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How some workplace stress can be motivational!


Identifying the two types of stress

Most of us at some points have suffered from workplace stress; but did you know some amount of workplace stress can be motivational?

The definition of workplace stress according to the World Health Organisation (WHO) 2010, is “the response people may have when work demands and pressures do not match their knowledge and abilities, adding challenges to cope.”

The Health and Safety Executive (HSE) defines stress as “the adverse reaction people have to excessive pressure or other demands place on them.”

There are many reasons why workplace stress should be addressed, not only for the sake of the individual’s wellbeing, but also for the benefit of the organisation: contributing to enhanced profitability and reputation.

According to the HSE, nearly 2 million workers in Great Britain reported suffering from work-related ill health in 2022/23.

A moderate degree of stress can however help to bring focus, stimulation and even some excitement to a job, as cited by Cottrell 2019.

So, let’s unpack different sorts of stress. It is widely acknowledged that there are two types of stress: eustress and distress. Most of us will be very aware of the ‘distress’ type of stress. I talk openly about my experience of workplace stress, where I became overwhelmed to the extent that it impaired my daily functioning, causing negative emotions, anxiety attacks and fear of going to work.

Other signs of distress can include but are not limited to; a decrease in focus, and an increase in procrastination – and I know that when I observe myself avoiding tasks, I also note that my stress levels are on the rise. I have spoken about feeling like a failure and have used the term ‘a failure’ to describe myself on many occasions in the past – well until I met the leadership team at British Universities and Colleges Sport (BUCS), the fear of negative outcomes is probably linked with trauma that were not dealt with.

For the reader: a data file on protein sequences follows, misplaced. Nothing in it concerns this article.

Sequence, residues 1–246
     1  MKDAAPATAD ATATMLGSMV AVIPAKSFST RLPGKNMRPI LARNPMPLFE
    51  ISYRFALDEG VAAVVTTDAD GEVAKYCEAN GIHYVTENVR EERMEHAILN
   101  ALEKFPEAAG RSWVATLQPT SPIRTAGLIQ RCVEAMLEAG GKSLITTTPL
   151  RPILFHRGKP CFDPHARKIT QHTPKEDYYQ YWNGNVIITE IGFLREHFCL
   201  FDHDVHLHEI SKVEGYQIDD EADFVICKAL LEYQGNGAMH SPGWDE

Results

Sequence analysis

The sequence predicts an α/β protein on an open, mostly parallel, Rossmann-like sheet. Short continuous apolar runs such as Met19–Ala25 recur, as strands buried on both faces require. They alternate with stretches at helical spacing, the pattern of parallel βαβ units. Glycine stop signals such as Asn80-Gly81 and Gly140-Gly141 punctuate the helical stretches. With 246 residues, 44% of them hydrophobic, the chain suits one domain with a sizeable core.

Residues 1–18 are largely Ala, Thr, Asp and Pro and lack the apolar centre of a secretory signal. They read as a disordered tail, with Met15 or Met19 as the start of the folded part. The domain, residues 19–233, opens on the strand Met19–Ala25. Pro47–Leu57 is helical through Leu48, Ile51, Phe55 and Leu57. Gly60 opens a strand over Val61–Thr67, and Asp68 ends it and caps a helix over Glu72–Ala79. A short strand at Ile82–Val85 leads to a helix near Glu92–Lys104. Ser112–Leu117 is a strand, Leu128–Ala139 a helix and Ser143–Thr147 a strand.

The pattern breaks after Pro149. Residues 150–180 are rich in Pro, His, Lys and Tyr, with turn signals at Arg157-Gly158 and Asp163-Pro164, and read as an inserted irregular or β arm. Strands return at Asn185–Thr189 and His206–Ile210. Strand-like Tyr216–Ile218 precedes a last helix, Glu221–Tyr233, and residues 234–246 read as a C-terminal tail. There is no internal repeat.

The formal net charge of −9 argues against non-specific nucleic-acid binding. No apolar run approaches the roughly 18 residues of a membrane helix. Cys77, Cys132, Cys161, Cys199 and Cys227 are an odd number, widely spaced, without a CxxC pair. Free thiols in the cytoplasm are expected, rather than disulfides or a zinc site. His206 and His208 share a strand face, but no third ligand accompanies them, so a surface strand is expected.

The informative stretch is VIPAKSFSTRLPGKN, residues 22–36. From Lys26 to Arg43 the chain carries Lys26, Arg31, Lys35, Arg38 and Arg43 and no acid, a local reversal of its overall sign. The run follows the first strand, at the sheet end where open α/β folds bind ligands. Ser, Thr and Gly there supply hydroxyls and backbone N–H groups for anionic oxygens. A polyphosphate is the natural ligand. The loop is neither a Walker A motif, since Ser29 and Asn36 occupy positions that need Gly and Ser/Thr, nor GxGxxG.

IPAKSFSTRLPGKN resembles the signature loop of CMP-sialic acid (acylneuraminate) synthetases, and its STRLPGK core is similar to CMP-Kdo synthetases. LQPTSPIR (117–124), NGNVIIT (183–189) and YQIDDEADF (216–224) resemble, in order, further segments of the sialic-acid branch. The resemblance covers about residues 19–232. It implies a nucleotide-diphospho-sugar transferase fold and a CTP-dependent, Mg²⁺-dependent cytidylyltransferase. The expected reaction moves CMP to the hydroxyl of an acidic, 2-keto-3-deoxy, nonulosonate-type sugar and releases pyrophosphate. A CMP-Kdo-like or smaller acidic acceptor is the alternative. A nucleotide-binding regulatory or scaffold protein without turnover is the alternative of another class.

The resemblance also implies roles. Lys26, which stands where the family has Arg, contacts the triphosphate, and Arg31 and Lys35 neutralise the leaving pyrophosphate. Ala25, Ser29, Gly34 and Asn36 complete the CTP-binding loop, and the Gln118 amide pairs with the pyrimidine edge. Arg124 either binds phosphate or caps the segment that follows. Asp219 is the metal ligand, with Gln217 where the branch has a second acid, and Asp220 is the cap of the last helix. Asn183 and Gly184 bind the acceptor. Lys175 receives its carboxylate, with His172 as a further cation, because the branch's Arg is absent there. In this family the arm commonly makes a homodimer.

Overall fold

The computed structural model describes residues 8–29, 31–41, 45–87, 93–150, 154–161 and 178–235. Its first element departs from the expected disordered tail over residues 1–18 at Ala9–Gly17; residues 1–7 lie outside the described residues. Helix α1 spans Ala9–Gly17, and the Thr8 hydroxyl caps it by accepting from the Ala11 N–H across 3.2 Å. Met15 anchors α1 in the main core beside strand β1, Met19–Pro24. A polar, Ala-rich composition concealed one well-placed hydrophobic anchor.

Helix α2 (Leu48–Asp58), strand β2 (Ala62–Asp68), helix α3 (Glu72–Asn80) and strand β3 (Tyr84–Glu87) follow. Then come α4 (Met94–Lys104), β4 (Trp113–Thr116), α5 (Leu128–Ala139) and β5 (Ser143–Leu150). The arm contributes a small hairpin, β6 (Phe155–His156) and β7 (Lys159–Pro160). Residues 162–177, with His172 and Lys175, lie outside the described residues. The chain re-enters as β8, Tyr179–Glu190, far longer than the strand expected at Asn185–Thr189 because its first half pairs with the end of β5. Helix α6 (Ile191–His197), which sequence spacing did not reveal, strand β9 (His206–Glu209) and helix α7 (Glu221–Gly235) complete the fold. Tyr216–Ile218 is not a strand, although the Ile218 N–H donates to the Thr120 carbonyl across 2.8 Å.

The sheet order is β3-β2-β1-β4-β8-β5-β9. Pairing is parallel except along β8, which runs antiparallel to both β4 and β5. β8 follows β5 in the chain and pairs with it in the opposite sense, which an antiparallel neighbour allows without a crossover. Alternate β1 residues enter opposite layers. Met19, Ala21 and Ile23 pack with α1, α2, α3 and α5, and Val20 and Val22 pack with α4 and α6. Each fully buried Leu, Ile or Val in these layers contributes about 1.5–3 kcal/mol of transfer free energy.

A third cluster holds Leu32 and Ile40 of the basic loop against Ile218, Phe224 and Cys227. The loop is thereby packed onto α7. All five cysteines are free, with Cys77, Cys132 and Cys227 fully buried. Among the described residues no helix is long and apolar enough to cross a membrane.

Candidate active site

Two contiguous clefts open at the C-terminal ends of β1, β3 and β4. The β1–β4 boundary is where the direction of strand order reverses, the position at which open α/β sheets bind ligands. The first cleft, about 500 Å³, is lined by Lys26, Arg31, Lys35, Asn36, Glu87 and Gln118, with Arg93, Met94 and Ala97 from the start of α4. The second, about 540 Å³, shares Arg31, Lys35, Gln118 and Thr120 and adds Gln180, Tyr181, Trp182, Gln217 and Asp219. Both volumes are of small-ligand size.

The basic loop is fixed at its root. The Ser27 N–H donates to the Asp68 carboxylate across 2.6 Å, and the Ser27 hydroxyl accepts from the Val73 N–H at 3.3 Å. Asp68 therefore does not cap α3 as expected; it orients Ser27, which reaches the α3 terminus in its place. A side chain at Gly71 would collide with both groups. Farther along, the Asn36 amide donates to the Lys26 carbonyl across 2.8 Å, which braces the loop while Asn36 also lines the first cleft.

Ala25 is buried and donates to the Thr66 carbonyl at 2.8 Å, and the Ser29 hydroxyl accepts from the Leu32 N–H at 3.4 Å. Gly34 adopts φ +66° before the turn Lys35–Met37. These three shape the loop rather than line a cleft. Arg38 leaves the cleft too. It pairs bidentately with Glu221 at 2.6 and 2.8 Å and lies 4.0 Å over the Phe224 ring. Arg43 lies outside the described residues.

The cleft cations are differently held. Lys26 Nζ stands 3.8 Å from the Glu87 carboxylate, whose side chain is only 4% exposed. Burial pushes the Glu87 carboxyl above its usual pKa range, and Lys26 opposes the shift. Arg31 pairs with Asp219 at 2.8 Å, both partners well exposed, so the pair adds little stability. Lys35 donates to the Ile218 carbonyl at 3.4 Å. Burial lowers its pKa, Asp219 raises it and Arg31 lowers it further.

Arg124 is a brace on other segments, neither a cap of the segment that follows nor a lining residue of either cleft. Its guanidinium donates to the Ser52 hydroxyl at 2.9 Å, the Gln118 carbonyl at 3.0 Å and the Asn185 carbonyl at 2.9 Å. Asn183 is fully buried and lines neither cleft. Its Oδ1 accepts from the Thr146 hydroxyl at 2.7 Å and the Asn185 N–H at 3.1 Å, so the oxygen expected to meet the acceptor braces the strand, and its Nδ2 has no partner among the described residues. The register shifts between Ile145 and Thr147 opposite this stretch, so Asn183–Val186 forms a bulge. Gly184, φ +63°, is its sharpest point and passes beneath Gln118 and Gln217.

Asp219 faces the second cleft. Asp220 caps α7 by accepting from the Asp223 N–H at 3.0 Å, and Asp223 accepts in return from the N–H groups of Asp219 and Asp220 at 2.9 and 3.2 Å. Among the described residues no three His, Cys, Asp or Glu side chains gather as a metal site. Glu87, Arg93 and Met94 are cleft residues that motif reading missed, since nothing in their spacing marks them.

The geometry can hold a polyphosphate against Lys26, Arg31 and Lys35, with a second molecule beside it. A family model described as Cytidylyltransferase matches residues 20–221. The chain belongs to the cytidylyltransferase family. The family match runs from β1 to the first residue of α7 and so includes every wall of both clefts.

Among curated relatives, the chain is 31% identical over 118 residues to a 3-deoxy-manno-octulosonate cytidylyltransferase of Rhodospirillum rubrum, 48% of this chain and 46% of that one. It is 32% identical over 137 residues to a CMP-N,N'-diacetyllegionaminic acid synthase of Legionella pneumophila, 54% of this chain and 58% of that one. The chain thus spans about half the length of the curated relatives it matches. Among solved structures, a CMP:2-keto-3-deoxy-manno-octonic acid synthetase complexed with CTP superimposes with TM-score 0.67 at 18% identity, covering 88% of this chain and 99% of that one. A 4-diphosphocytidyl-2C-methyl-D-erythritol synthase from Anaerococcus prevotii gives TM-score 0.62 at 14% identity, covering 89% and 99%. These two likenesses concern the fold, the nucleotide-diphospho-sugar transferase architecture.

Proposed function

It is important that organisations create safe spaces for the workforce to be open, to listen and more importantly hear the voice of its people and management teams to take the meaningful steps to

reduce workplace stress.

The ‘good’ stress, I refer to is called ‘eustress,’ the word was introduced by endocrinologist Hans Selye (1907-1982) in 1976; he combined the Greek prefix eu - meaning "good", and the English word stress, to give the literal meaning "good stress".

Eustress in simple terms refers to the energetic stress that makes us work better in short-term. This type of stress is positive, healthy, or fulfilling which in the short-term is manageable. Eustress can be exciting and motivating, and results delivered on the back of this provide us with feelings of achievement, happiness, and positivity.

Stepping outside my comfort zone, by embarking on an undergraduate degree at the age of 54 is a personal example of eustress, being under pressure to apply an academic mindset, being exposed to new learning opportunities, and having to complete assignments to a standard that I have set for myself. Receiving a 1st in one of my assignments was a great source of pride and bolstered my self-esteem.

Other signs of eustress include but are not limited to increased motivation where the situation motivates a move towards action that result in getting things done, it provides bursts of energy, enhances our ability to cope with stress and empowers emotional growth. In summary this short-term stress strengthens an individual, keeping them healthy and happy, providing stressors that challenges give us a feeling of fulfilment.

If you are experiencing stress and need support, there are many resources available in the UK. You can contact your GP, a mental health professional, or a helpline such as the Samaritans for confidential support.


Article written by Susan Singh Soki.


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